​Healthcare Organizations Especially Vulnerable to Cybercrime


July 9, 2015 – Hackensack, NJ – As important as digital security measures are in any industry, they are becoming increasingly so within healthcare environments, which, according to the former NSA tech director, have become prime targets for cybercriminals.
In an article featured on Healthcare IT News, Richard George, who spent 41 years with the U.S. National Security Agency, stresses that healthcare organizations need to come to terms with this reality—and quickly. In fact, slack security cost U.S. hospitals an estimated $1.6 billion in 2014, with 61 percent of healthcare organizations nationwide reporting at least one security-related incident that year, according to a health IT report by MeriTalk, an organization that aims to improve governmental information technology.
Interconnectedness between systems, while becoming increasingly necessary, is a major reason for the industry’s vulnerability to cyber-attacks. George explains that every action taken by each person on a hospital’s network—often including a wide variety of individuals, such as physicians, students, professors and researchers—is a “risk management decision,” but most people don’t realize they’re making such decisions or understand what their impact could be.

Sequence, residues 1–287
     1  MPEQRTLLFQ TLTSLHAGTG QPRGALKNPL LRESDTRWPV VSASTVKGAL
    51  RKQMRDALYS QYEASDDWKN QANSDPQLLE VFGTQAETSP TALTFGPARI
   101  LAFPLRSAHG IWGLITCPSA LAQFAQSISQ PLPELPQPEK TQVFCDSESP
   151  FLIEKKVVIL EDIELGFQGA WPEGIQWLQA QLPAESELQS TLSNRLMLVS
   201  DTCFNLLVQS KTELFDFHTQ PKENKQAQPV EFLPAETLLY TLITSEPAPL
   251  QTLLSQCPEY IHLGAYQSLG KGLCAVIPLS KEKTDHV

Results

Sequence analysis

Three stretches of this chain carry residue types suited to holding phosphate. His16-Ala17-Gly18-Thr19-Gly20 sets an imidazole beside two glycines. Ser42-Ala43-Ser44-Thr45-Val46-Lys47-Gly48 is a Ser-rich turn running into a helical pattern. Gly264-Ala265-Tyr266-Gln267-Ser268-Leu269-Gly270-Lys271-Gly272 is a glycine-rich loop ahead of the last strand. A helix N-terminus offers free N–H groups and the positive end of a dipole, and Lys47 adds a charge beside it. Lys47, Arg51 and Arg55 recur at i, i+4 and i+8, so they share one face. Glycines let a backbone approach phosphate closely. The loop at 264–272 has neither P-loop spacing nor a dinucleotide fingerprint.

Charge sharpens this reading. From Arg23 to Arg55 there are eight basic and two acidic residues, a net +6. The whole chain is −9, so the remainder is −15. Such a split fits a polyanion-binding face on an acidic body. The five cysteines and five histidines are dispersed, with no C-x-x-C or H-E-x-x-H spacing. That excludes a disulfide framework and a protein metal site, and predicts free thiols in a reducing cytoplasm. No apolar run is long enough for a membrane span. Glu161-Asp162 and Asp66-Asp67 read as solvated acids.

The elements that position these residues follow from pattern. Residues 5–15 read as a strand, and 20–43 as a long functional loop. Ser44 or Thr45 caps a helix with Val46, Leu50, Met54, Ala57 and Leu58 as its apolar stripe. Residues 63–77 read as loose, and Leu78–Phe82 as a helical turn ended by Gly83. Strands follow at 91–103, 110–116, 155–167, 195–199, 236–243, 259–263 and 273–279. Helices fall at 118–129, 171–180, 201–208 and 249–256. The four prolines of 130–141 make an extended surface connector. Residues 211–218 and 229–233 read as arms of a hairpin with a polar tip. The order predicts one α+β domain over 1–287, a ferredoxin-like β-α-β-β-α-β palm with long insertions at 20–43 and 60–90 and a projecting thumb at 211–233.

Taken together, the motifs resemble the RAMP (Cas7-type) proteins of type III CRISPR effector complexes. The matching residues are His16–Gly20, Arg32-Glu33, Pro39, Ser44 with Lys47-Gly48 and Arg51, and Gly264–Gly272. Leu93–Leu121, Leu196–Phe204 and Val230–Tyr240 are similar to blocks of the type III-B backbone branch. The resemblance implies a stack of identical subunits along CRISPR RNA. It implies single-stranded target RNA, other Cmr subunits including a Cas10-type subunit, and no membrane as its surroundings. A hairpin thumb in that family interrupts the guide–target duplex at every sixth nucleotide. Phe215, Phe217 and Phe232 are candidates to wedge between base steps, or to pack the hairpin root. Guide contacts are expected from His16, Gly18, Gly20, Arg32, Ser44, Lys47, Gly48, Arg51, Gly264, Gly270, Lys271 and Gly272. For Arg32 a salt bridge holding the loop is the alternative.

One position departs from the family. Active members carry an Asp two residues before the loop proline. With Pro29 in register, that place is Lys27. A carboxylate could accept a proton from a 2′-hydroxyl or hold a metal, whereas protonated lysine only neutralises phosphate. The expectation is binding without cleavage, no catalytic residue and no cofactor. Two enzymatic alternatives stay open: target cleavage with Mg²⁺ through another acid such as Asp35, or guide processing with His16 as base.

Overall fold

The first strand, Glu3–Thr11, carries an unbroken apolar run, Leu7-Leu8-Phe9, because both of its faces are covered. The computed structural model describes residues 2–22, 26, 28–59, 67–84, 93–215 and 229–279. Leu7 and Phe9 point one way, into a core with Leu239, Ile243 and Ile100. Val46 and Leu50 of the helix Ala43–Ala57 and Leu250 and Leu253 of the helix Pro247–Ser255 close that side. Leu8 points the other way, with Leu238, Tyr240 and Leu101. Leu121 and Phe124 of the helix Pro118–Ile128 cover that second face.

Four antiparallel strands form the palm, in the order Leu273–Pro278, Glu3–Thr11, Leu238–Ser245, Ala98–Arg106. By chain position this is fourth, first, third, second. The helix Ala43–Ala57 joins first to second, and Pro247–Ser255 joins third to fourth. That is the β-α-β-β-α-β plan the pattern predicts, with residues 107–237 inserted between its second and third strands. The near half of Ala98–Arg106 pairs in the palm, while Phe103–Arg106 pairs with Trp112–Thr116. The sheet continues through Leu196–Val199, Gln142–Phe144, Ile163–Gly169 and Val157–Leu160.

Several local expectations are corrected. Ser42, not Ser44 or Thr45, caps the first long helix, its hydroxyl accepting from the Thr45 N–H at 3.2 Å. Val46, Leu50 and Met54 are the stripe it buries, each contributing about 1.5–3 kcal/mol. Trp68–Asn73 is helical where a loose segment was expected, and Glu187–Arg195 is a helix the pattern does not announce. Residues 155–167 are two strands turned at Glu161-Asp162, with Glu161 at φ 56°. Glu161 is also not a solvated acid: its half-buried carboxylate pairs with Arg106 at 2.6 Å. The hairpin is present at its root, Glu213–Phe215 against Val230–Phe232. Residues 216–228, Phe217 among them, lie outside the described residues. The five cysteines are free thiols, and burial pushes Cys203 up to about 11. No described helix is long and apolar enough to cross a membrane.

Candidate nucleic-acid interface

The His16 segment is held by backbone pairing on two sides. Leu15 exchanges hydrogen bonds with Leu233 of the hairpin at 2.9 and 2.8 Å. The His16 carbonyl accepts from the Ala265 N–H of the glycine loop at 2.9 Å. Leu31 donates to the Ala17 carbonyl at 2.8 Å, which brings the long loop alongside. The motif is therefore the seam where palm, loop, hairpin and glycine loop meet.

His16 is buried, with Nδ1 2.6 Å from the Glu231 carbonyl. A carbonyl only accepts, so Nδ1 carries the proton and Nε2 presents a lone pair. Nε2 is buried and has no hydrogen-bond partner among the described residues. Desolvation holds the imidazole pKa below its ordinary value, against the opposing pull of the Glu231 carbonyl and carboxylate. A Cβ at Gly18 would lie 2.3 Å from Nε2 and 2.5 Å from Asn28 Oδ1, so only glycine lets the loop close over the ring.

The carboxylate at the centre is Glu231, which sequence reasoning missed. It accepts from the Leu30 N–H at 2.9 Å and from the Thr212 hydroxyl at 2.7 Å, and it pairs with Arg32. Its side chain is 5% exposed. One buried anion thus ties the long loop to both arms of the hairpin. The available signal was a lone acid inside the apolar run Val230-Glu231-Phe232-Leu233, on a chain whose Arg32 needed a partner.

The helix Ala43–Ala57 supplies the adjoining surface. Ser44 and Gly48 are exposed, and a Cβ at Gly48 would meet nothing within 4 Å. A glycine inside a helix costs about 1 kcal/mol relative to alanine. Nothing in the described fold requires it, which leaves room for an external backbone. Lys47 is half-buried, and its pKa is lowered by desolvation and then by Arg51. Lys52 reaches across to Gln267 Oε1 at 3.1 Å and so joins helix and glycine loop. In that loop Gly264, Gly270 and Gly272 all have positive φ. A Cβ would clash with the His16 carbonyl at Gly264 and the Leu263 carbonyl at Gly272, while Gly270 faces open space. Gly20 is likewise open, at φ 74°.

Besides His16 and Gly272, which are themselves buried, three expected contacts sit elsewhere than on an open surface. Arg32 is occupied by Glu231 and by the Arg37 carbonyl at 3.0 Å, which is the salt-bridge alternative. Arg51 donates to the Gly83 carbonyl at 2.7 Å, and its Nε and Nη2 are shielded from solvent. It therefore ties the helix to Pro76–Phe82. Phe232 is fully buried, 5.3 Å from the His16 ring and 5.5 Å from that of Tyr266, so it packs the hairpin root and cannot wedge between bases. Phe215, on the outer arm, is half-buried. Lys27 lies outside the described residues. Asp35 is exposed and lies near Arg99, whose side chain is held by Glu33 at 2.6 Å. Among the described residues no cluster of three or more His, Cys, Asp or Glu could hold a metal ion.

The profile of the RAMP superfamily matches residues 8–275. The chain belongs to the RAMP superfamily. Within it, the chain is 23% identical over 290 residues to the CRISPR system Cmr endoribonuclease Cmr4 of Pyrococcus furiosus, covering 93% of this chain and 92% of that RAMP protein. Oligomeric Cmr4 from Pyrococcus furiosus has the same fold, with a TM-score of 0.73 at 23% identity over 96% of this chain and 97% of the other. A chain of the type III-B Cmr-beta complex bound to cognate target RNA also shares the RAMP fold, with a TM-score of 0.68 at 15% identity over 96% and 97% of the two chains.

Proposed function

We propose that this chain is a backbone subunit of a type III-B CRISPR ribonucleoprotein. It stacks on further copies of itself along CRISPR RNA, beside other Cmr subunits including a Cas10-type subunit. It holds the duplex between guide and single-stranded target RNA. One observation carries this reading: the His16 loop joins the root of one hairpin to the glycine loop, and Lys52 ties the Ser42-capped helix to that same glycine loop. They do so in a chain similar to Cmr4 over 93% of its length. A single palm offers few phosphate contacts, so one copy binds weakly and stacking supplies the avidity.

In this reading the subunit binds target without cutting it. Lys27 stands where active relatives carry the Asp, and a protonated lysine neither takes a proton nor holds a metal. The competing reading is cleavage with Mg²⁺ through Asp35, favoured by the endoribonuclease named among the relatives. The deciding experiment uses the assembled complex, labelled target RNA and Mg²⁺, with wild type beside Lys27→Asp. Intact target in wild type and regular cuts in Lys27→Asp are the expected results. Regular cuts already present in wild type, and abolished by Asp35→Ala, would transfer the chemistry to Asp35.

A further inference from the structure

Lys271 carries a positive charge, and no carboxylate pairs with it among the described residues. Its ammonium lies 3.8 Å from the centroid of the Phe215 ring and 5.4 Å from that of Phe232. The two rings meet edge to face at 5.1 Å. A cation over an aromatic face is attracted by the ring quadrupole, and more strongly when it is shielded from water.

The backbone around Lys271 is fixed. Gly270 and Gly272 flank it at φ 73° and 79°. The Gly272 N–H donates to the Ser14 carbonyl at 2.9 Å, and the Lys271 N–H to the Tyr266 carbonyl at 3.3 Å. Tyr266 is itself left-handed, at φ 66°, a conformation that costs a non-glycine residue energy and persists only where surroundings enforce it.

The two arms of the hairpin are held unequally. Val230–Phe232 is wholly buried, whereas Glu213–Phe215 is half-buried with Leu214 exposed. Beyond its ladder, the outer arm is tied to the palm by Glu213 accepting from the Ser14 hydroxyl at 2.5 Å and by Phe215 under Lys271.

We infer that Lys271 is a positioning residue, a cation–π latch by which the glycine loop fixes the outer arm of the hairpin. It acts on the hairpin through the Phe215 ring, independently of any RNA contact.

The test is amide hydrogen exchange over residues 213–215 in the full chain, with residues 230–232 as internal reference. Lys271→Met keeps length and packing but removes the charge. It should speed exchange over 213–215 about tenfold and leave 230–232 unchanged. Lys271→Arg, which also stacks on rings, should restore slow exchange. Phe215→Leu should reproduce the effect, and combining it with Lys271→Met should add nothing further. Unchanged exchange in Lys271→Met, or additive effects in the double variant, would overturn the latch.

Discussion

“There are very few places where you can insert malware into a network that causes people to die,” George says. “But a hospital is a prime example.”
There are innumerable motivations for cybercriminals to target healthcare organizations. A very serious example George points to is how electronic medical records could be appealing targets for terrorists, as this information could offer the possibility for causing deaths. Given these tremendous risks, George urges healthcare organizations to take the appropriate precautions to protect their data and not skimp on security.
Kaitlin Shaw
Editor, Printers and A4 MFPs
Kaitlin has been an editor with BLI since 2013. She provides coverage of digital imaging office equipment, with a focus on printers and MFPs. She is primarily responsible for analyzing test data and writing reports, as well as contributing to coverage on industry news and trends.